PoliticsHome displays PressTV ads

Lord Ashcroft's PoliticsHome is displaying ads from PressTV - does this reflect a new inclusive strategy for Iranian state media?

by The Commentator on 28 August 2012 15:19

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In 2009, Lord Ashcroft bought himself a little slice of the Westminster media pie called PoliticsHome.

The site is effectively an aggregator for everything politics, and contains its own editorial content and news monitoring sections.

In 2010, renowned Westminster journalist Paul Waugh ditched his digs at the London Evening Standard and shifted across to the PoliticsHome team where he runs the now famous ‘Waugh Room’.

But PoliticsHome’s growth seemingly has come at a price. One paid for by the Iranian government.

To claim that Ashcroft needs Iranian money is a bit on the loopy side, which is why The Commentator can see no reason as to why Ashcroft’s outfit is displaying adverts for the troubled PressTV outfit. 

PressTV, recognised as a mouthpiece for Mahmoud Ahmadinejad’s regime in Tehran, was rapped around the knuckles by Ofcom in the United Kingdom and eventually had its broadcast licence revoked in January 2012. On March 29th 2012, the HM Treasury Asset Freezing Unit listed "Zarghami, Ezztollah", the head of the Islamic Republic of Iran Broadcasting company on its sanctions list. A full list of the obligations can be found here.

A cable released by Wikileaks and dated Thursday 04 February 2010 shows the British government’s position towards Press TV and states “Licenses can only be denied in cases where national security is threatened, or if granting a license would be contrary to Britain's obligations under international law. Currently, neither of these standards can be met with respect to Press TV, but if further sanctions are imposed on Iran in the coming months, a case may be able to be made on the second criterion.”

Given that Press TV is no longer able to broadcast in the United Kingdom, it is clear that at least one of these conditions has now been met.

Sanctions on Tehran have been ramped up in an effort to persuade the Iranians to ditch their nuclear programme, but that hasn’t stopped the former Deputy Chairman of the main party in government taking cash for advertising space from the Iranian regime.

PRESS TV'S HISTORY OF CONTROVERSY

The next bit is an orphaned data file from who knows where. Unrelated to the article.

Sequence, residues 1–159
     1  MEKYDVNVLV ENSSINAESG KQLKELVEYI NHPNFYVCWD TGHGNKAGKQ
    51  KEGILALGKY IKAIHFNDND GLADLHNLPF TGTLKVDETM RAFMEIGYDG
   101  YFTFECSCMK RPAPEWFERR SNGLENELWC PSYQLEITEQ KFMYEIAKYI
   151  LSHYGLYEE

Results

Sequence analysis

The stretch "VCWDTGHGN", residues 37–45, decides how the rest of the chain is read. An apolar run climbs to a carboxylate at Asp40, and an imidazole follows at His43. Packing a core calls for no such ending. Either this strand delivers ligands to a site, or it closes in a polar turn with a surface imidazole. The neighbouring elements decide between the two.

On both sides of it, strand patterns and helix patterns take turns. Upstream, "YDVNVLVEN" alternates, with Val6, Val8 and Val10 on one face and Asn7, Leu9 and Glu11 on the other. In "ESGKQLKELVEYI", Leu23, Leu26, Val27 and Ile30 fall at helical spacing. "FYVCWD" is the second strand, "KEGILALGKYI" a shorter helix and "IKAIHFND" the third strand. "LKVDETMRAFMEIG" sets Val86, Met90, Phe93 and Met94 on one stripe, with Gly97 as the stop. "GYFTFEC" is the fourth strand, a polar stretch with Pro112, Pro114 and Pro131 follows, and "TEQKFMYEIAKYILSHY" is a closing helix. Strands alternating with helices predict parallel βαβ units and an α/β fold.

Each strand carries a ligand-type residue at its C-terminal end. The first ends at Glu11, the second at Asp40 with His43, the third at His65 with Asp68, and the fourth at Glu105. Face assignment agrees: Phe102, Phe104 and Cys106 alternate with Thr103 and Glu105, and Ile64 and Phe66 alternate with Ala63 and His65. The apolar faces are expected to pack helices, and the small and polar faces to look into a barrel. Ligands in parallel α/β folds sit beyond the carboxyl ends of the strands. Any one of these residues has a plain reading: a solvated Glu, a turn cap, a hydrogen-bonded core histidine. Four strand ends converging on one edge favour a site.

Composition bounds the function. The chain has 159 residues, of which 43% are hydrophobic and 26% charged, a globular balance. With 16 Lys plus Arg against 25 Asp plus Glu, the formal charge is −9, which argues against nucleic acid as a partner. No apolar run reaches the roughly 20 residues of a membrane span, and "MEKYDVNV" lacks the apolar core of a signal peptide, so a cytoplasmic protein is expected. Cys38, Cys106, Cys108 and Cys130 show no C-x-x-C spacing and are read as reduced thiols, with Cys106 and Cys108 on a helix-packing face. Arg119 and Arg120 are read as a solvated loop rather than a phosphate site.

- August 2009, Ofcom ruled that Press TV shows had broken its broadcasting code on impartiality in their coverage of the Gaza War;

- September 2009, A Moroccan journalist accused PressTV of trafficking in 'fiction and fantasy' for spreading a story about a Jewish gang trading in body parts;

- By 2010 Press TV had been criticised for hosting interviews with Holocaust denial legitimisers or known anti-Semites;

- June 2012, A Press TV guest claimed that Jews were responsible for the financial crisis;

- An interview from 2010 showed an arrested journalist making a confession. The journalist, Maziar Bahari, said that before his 'confession' he was subjected to torture and following an investigation, Ofcom revoked Press TV's UK licence.

So why are PoliticsHome taking money from the Islamic Republic of Iran broadcasting company? As Andrew Gilligan noted when he left PressTV, “taking the Iranian shilling was inconsistent with my opposition to Islamism.” Are we to assume that PoliticsHome and its owners don’t share the same values?

The advert indeed directs through the Dods (parent company) server, linking to the following URL before redirecting to PressTV:

http://ads.dods.co.uk/www/delivery/ck.php?oaparams=2__bannerid=1867__zoneid=164__cb=84182bd005__oadest=http://www.presstv.com/

A source at the UK Foreign and Commonwealth Office, within the Sanctions team, told The Commentator that each case needed to be looked up individually to decide as to whether it breached UK sanctions on Iran.

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